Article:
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Washington Prism

Secure Afghanistan
Valentina Marano


“The same destructive transnational forces that ripped Afghanistan apart in the 1990s continue to undermine its new democracy and threaten international security,” says Political Counselor at the Embassy of Afghanistan Ashraf Haidari.

Washington, DC—Washington Prism met with Embassy of Afghanistan’s Political Counselor M. Ashraf Haidari to discuss the latest developments in the Afghan reconstruction process, including successes and challenges, growing security concerns and the role that regional and international cooperation play in helping to further the stabilization of the country.

This year has seen some of the fiercest fighting in Afghanistan since the end of the Taliban regime in 2001, and there is growing concern over the fundamentalist group’s heightened activities. Last month in a visit to Washington, DC, Afghanistan’s new Foreign Minister Rangin Dadfar-Spanta stressed the importance of finding effective solutions to the numerous security issues that the country is currently facing.
The Bush administration has recently pledged to double military aid to the President Hamid Karzai’s government (increased to $4 billion), to help modernize and equip the country's fledgling armed forces.

Mr. Haidari told Washington Prism that “Today, Five years after the fall of the Taliban regime, peace remains elusive in Afghanistan. The same destructive transnational forces that ripped Afghanistan apart in the 1990s continue to undermine our new democracy and threaten international security.
Terrorism, narcotics, and weak state institutions are our main security challenges that need to be addressed simultaneously with the assistance of our international partners and regional cooperation.”

Washington Prism: What are the root causes of the growing security issues affecting Afghanistan?

Haidari: Three interdepdenent problems. First, after the ouster of the Taliban, the Coalition forces mainly focused on the leadership and remnants of Al-Qaeda, leaving former Taliban combatants to their fate. This has allowed the Taliban to reorganize outside Afghanistan which they infiltrate daily to attack soft targets and run back into safe sanctuaries across the border.

Second, Afghanistan has so far received less per capita in rebuilding and security assistance than all other recent post-conflict countries, including Iraq, Kosovo and Bosnia. Lack of resources has resulted into quick-fix solutions at the cost of integrated short- and long-term projects to address basic popular needs. Hence a lack of human security has left Afghanistan’s war-torn society vulnerable to narco-terrorists who engage poor farmers in opium poppy cultivation and use them against the Government.

Third, since 2001, the implementation of judicial and police reforms that should have been the foundation on which other state institutions were built was shelved indefinitely due to a lack of resources. Consequently, a security vacuum has widened in areas where we lack the resources to provide for the human and protective security of the people, particularly in the south. When left without a choice, people resort to whatever alternative is available for survival. Unfortunately, narco-terrorists have stepped in to provide that alternative by offering people protection in return for poppy cultivation and passive opposition to the government.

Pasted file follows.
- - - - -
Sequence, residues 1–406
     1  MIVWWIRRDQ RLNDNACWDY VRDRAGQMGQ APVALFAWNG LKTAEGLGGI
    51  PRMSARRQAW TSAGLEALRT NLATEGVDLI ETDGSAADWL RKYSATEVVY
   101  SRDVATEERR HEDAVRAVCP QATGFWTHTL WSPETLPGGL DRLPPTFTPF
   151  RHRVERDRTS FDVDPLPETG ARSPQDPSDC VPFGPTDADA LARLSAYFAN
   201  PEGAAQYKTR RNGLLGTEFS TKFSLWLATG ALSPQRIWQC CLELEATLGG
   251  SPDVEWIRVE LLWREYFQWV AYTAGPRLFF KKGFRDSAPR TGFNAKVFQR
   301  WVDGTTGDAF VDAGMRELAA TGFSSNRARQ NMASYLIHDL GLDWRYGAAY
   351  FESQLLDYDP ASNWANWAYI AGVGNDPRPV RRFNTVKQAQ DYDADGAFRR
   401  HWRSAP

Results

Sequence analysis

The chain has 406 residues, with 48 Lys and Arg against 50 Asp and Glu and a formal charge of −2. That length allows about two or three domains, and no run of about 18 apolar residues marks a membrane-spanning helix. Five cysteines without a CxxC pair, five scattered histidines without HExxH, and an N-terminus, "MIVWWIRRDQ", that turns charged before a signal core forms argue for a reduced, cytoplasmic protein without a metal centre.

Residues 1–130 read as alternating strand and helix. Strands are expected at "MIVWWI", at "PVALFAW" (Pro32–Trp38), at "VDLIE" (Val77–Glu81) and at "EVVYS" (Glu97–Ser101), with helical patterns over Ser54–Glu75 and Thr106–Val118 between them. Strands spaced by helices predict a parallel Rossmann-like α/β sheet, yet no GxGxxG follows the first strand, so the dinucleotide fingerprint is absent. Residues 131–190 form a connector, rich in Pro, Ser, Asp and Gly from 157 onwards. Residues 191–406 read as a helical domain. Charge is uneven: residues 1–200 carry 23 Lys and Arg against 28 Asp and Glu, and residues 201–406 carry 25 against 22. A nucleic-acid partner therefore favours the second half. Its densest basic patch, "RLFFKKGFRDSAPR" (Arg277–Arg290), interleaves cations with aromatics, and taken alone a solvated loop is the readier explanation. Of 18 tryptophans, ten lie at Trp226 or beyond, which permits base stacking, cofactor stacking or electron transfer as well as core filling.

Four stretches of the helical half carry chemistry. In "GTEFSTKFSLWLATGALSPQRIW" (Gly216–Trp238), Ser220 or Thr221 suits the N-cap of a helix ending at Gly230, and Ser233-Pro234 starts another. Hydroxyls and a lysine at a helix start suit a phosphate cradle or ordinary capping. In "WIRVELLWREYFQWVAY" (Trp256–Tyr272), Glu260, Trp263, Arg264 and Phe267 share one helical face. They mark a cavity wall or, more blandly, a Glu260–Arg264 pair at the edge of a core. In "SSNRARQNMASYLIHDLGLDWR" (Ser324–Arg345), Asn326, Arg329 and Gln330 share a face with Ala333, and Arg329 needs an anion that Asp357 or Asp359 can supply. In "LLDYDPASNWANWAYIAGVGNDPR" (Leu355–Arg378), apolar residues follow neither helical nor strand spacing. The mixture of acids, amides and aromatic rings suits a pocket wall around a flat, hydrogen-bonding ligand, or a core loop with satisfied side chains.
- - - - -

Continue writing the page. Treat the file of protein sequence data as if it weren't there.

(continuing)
WP: What role does regional cooperation play in the reconstruction process?

Haidari: Regional cooperation is key to fighting terrorism and narcotics, which not only threaten our new democracy but also undermine regional stability. We need to fight the sources of terrorism outside Afghanistan, including those who lead, fund, equip, train, and shelter terrorists to attack soft targets in Afghanistan and run away across the border. Fighting drugs is impossible without full regional cooperation, as we know from international experience in Southeast Asia and South America.

WP: What would help in the stabilization of Afghanistan?

Haidari: First, Afghanistan has come a long way over the past five years. While permanent democratic institutions are in place now, they need to be strengthened further with a special focus on implementing the judicial and police reforms.  Second, the international community must commit long-term resources for Afghanistan’s rural development to fight drugs effectively. Unless poor farmers are given a sustainable source of legal income, they will always remain vulnerable to poppy cultivation for mere survival.  Third, regional cooperation is fundamental in curbing external sources of threat to Afghanistan’s stability. Pakistan can and should do more to help us fight terrorism as a common threat to our countries’ stability. Finally, aid effectiveness must be ensured in accordance with the recommendations of the Afghanistan Compact and our National Development Strategy.

WP: A year ago, in a speech he gave a Johns Hopkins University’s SAIS, President Karzai stated that “Afghanistan is the beating heart of the Asian continent.” What does Afghanistan represent today for the Asian continent?

Haidari: Afghanistan still is that beating heart. Our country is emerging as a model democracy, as a regional commerce and trade hub, and as a center of international cooperation with over 34 countries working together to make Afghanistan and the world a safer place. Our security and future are inextricably linked to the rest of the world, as 9/11 demonstrated. Together we must towards securing the future of Afghanistan.

 Valentina Marano is a freelance writer and a contributor to the Washington Prism.

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